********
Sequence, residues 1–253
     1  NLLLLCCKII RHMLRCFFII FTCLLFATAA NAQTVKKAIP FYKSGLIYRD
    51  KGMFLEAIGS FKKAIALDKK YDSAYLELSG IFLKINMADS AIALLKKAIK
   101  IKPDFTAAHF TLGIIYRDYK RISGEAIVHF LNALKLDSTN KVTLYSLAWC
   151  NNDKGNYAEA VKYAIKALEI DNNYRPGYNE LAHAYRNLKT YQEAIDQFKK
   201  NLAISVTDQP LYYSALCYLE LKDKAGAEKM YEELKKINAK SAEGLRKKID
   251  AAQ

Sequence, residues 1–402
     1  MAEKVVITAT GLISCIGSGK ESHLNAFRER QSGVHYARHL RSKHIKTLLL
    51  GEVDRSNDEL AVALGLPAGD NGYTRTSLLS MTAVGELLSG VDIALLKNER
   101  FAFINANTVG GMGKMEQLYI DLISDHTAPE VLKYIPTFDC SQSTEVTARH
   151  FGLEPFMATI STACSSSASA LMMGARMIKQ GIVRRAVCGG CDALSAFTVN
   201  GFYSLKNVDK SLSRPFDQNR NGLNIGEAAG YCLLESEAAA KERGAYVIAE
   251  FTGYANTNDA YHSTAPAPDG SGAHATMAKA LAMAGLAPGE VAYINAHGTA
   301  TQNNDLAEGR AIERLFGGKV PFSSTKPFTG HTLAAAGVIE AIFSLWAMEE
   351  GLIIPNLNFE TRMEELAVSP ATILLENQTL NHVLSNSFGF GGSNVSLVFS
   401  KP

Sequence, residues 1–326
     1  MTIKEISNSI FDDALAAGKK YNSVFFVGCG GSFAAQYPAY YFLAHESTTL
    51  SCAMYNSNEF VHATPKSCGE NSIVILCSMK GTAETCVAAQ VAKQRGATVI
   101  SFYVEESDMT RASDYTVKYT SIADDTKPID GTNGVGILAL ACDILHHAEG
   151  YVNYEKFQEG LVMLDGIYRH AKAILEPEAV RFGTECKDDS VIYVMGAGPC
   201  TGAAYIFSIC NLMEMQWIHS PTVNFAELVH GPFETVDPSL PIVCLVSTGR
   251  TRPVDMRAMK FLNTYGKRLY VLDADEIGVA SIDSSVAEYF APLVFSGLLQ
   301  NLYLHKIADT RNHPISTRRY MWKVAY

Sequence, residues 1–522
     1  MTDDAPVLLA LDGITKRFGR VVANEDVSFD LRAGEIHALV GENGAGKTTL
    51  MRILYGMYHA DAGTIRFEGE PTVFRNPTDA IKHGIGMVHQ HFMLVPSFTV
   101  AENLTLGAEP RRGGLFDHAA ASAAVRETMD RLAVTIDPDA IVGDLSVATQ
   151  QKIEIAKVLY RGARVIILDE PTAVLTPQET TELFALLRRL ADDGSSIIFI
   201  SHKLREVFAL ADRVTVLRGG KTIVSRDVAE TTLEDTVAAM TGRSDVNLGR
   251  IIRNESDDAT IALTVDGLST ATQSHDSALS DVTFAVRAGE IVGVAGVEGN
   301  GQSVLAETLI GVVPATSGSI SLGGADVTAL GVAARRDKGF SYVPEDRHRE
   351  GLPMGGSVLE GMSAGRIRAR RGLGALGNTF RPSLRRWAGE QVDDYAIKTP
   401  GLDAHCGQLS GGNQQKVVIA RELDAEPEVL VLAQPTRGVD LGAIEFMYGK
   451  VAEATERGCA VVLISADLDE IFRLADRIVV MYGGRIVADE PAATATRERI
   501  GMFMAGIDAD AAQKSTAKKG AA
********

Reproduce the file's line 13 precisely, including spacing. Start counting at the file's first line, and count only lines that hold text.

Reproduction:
   201  GFYSLKNVDK SLSRPFDQNR NGLNIGEAAG YCLLESEAAA KERGAYVIAE